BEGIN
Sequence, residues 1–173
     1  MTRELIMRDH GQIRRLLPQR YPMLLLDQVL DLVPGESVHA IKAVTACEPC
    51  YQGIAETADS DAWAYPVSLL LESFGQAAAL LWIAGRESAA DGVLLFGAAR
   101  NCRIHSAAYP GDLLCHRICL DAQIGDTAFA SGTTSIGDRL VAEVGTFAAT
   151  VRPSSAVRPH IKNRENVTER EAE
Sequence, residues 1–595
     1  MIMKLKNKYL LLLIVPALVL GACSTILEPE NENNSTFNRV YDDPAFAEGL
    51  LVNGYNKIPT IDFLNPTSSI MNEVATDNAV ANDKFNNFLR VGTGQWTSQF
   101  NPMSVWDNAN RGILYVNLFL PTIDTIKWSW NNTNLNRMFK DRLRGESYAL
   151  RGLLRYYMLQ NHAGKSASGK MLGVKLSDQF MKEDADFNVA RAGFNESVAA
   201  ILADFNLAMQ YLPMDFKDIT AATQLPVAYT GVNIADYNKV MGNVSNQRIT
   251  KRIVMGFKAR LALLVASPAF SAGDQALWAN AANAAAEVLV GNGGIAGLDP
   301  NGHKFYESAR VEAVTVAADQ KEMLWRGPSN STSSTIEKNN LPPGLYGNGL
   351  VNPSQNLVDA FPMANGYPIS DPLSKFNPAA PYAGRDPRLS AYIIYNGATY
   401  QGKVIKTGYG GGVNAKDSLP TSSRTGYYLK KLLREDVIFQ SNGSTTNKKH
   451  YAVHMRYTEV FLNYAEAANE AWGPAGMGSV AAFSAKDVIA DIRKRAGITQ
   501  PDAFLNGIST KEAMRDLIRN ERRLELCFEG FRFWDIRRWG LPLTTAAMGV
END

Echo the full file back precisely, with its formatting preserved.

Sequence, residues 1–173
     1  MTRELIMRDH GQIRRLLPQR YPMLLLDQVL DLVPGESVHA IKAVTACEPC
    51  YQGIAETADS DAWAYPVSLL LESFGQAAAL LWIAGRESAA DGVLLFGAAR
   101  NCRIHSAAYP GDLLCHRICL DAQIGDTAFA SGTTSIGDRL VAEVGTFAAT
   151  VRPSSAVRPH IKNRENVTER EAE
Sequence, residues 1–595
     1  MIMKLKNKYL LLLIVPALVL GACSTILEPE NENNSTFNRV YDDPAFAEGL
    51  LVNGYNKIPT IDFLNPTSSI MNEVATDNAV ANDKFNNFLR VGTGQWTSQF
   101  NPMSVWDNAN RGILYVNLFL PTIDTIKWSW NNTNLNRMFK DRLRGESYAL
   151  RGLLRYYMLQ NHAGKSASGK MLGVKLSDQF MKEDADFNVA RAGFNESVAA
   201  ILADFNLAMQ YLPMDFKDIT AATQLPVAYT GVNIADYNKV MGNVSNQRIT
   251  KRIVMGFKAR LALLVASPAF SAGDQALWAN AANAAAEVLV GNGGIAGLDP
   301  NGHKFYESAR VEAVTVAADQ KEMLWRGPSN STSSTIEKNN LPPGLYGNGL
   351  VNPSQNLVDA FPMANGYPIS DPLSKFNPAA PYAGRDPRLS AYIIYNGATY
   401  QGKVIKTGYG GGVNAKDSLP TSSRTGYYLK KLLREDVIFQ SNGSTTNKKH
   451  YAVHMRYTEV FLNYAEAANE AWGPAGMGSV AAFSAKDVIA DIRKRAGITQ
   501  PDAFLNGIST KEAMRDLIRN ERRLELCFEG FRFWDIRRWG LPLTTAAMGV